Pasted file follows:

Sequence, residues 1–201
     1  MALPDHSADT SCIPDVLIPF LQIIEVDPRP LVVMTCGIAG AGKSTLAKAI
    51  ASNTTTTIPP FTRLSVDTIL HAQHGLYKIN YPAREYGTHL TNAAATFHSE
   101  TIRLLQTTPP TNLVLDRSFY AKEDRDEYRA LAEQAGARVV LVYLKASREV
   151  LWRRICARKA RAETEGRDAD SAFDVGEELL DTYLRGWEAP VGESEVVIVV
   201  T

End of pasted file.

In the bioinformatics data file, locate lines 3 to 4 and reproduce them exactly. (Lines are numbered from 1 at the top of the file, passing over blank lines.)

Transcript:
    51  ASNTTTTIPP FTRLSVDTIL HAQHGLYKIN YPAREYGTHL TNAAATFHSE
   101  TIRLLQTTPP TNLVLDRSFY AKEDRDEYRA LAEQAGARVV LVYLKASREV